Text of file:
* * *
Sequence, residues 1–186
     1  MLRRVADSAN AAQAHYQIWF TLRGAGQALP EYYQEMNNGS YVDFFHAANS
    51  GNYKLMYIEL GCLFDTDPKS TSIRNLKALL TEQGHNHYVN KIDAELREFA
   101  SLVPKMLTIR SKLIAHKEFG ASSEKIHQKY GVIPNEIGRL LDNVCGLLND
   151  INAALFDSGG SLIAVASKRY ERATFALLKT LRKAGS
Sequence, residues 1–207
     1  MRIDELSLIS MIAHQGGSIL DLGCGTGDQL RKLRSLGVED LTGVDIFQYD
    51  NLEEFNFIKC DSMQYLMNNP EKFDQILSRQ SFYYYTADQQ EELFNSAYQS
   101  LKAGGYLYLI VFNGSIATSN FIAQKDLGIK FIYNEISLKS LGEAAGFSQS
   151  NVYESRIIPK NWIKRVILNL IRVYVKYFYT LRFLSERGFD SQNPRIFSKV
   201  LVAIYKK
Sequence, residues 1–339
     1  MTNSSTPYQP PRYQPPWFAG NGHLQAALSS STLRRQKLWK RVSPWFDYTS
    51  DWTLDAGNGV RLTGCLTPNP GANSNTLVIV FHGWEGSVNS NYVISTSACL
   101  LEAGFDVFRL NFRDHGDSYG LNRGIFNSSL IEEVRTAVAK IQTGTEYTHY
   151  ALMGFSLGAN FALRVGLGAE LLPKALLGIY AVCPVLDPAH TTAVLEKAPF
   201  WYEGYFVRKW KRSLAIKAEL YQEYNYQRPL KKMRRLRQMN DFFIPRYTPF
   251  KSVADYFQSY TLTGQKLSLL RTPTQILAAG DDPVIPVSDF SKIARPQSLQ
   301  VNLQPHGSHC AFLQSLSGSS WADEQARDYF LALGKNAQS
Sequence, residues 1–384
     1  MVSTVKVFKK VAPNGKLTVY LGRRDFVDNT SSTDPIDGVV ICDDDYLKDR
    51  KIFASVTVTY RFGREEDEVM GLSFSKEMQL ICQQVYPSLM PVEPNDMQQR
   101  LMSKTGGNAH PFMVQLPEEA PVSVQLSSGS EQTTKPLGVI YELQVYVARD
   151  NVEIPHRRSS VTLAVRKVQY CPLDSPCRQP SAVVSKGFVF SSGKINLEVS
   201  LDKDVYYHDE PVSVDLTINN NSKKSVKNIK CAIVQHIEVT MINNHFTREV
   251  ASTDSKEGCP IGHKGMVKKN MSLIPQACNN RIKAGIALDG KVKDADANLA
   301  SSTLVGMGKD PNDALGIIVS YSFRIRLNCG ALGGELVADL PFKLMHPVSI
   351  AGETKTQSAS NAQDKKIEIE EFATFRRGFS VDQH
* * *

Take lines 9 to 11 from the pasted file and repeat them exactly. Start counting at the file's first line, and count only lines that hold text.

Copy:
   101  LKAGGYLYLI VFNGSIATSN FIAQKDLGIK FIYNEISLKS LGEAAGFSQS
   151  NVYESRIIPK NWIKRVILNL IRVYVKYFYT LRFLSERGFD SQNPRIFSKV
   201  LVAIYKK